Weekend Edition

Saturday and Sunday 6:00 a.m

Weekend Edition wraps up the week's news and offers a mix of analysis and features on a wide range of topics, including arts, sports, entertainment, and human interest stories

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Music Interviews
1:59 pm
Fri April 6, 2012

Rascal Flatts: 'Rekindling The Fire' Of Its Country Roots

Rascal Flatts is one of the most popular country groups of the last decade.
Courtesy of the artist

Originally published on Sat April 7, 2012 9:16 am

Rascal Flatts is one of the most successful country crossover acts of the past decade. The award-winning trio has released eight studio records in 10 years and sold more than 21 million albums.

So why did the group recently consider breaking up?

"We had reached a crossroads to where we needed to dig deep to see if we, in fact, had the fire and hunger that we did when we first started out — to keep trying to forge ahead and be better than we'd been and push ourselves to be creatively energized again," bass player Jay DeMarcus says.

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Simon Says
6:26 am
Sat March 31, 2012

Beef, Tarantula And Gout: Food Critics Suffer, Too

Food professionals will tell you: Eating asks a lot of your body.
iStockphoto.com

Originally published on Sat March 31, 2012 11:26 am

Burp!

'Scuse me, but is someone trying to kill off food critics?

What about themselves?

Frank Bruni, the former restaurant critic of The New York Times, now an op-ed columnist, has revealed that he has gout.

Gout is a painful inflammation of the joints that's been called the King's Disease because it's historically associated with the kind of gluttony only kings could afford: profuse servings of beef, lobster, goose liver and strong drink.

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Monkey See
9:01 pm
Fri March 30, 2012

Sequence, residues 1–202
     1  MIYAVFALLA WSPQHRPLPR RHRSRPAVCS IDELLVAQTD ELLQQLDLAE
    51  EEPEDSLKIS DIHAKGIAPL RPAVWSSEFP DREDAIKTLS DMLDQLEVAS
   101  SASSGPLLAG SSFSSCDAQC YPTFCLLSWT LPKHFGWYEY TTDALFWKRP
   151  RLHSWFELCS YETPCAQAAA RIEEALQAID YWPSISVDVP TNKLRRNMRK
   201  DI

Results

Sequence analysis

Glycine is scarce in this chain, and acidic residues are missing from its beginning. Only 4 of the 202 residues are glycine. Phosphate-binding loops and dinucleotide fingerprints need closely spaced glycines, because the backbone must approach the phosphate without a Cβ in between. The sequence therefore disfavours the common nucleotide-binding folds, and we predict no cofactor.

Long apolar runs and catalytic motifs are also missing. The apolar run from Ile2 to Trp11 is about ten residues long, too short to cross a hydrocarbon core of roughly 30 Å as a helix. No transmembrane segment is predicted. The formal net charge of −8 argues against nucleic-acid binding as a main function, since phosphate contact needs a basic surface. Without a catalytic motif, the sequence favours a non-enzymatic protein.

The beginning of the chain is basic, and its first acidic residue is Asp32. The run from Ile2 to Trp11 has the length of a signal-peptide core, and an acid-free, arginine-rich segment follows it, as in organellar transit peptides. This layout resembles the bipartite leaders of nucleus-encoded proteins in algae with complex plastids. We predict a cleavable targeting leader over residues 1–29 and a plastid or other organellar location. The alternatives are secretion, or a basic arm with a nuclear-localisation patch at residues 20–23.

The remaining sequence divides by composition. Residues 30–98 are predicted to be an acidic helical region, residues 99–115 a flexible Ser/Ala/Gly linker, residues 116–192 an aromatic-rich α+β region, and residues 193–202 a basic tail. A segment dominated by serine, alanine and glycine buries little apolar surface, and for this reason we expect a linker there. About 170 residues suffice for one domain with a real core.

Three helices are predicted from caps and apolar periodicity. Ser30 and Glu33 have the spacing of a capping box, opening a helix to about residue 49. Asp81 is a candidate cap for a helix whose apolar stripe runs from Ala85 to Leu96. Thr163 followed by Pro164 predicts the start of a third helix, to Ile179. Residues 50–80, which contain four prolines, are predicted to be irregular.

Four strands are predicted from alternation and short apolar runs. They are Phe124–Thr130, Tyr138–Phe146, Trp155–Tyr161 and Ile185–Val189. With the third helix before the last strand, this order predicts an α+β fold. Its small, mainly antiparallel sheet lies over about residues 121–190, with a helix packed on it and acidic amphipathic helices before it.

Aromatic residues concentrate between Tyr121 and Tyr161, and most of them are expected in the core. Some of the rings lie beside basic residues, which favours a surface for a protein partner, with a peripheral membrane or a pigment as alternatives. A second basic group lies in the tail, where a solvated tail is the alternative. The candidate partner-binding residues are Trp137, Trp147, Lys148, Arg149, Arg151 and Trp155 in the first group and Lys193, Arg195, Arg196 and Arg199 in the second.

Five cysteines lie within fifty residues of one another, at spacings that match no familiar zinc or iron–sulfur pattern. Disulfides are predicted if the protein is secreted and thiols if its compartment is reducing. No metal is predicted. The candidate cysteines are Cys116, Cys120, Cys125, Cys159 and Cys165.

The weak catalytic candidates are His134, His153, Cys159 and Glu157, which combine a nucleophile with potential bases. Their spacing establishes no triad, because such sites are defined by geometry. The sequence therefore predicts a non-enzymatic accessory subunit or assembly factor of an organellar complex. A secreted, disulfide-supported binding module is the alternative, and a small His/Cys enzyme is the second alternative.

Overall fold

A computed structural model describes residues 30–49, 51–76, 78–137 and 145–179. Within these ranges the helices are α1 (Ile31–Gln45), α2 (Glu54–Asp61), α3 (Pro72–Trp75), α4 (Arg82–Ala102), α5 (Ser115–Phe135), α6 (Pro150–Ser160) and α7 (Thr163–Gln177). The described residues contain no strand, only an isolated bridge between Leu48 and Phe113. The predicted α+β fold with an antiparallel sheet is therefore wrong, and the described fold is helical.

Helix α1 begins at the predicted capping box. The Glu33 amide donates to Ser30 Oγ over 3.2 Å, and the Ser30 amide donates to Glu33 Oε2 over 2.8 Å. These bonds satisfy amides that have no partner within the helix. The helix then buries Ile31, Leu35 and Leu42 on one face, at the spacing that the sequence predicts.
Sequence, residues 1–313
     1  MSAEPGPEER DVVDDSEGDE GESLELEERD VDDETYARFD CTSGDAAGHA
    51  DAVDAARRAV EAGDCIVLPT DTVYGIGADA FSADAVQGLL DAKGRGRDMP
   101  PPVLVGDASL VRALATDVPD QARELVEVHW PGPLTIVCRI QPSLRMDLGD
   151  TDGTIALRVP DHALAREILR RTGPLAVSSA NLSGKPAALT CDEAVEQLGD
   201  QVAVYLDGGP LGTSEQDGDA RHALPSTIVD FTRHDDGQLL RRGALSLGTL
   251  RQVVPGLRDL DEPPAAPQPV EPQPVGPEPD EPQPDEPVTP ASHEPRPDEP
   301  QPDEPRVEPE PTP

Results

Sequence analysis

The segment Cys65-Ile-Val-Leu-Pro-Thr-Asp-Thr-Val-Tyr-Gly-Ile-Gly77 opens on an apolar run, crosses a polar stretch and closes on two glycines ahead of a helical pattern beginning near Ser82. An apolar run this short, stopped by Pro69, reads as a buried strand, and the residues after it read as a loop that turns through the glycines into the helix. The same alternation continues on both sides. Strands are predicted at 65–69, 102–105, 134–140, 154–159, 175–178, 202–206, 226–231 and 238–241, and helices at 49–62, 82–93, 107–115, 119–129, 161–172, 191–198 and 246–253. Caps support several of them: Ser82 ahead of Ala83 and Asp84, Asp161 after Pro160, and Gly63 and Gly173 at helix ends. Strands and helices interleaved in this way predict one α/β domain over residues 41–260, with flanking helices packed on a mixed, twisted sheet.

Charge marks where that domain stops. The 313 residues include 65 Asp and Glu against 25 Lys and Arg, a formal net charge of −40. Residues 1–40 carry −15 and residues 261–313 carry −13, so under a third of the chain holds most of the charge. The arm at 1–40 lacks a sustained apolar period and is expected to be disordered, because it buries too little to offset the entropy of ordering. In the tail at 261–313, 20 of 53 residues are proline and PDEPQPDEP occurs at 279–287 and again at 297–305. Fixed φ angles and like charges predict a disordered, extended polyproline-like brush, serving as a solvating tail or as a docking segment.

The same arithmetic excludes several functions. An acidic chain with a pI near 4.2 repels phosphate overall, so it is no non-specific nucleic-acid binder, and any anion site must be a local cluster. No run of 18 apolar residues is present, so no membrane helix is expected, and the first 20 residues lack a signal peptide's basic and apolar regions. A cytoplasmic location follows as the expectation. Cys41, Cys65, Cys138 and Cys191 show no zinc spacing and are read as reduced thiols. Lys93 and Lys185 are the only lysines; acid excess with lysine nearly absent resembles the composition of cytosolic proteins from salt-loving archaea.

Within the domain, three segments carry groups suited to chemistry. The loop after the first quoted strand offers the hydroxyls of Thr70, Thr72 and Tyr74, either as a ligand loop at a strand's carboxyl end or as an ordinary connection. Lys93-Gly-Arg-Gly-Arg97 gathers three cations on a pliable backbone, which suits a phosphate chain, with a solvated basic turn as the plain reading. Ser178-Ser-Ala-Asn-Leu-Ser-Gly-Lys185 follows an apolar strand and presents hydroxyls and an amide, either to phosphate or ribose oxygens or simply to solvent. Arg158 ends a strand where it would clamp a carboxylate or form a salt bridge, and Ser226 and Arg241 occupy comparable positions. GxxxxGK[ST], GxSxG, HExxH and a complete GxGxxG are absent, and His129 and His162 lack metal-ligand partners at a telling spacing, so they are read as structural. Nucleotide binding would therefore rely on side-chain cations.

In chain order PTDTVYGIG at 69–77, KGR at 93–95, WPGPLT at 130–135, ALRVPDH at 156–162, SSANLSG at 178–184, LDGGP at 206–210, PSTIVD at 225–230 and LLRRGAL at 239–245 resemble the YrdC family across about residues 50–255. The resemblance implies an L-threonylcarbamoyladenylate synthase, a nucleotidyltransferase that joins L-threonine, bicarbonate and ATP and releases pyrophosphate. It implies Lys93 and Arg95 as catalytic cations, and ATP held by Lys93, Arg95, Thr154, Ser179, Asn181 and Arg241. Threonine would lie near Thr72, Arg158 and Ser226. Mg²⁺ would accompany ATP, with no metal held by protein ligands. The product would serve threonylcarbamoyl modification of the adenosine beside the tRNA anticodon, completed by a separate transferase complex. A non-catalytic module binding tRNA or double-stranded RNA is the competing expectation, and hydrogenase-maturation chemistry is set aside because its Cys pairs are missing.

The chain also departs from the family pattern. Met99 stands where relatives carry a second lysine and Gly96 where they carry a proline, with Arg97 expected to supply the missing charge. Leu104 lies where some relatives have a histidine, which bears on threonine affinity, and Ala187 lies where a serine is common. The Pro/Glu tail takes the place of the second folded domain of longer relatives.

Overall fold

Snow White Rising: Why This Princess, And Why This Moment?

Lily Collins plays Snow White in Mirror Mirror opposite Julia Roberts as the vain Queen jealous of Snow's beauty.
Jan Thijs Relativity Media

Originally published on Tue April 3, 2012 11:44 am

Snow White is having a moment.

The new movie Mirror Mirror stars Julia Roberts as the Evil Queen. In June, another Snow White movie opens starring another Oscar winner, Charlize Theron, in the same role. And Disney is working on a new animated film loosely based on Snow White set in 19th-century China. So what makes Snow White so right for right now?

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Jazz
1:56 pm
Fri March 30, 2012

Reviving James Booker, The 'Piano Prince Of New Orleans'

Piano player James Booker is considered a New Orleans legend.
Bunny Matthews

Every day in New Orleans, Lily Keber rolls out of bed and walks to a flat, minor office building to meet her muse. Keber makes a cup of coffee with chicory, hooks up her computer and waits for what sounds like a dozen spiders to crawl across a piano.

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Middle East
7:41 am
Sat March 24, 2012

Despite Cease-Fire Push, Violence Escalates In Syria

Transcript

SCOTT SIMON, HOST:

The situation in Syria has deteriorated further this week. Government troops once again opened fire on thousands of protesters, armed rebels continued their own resistance, which looks more and more like an insurgency. All this despite a push by the United Nations fro a cease-fire. NPR's Kelly McEvers reports.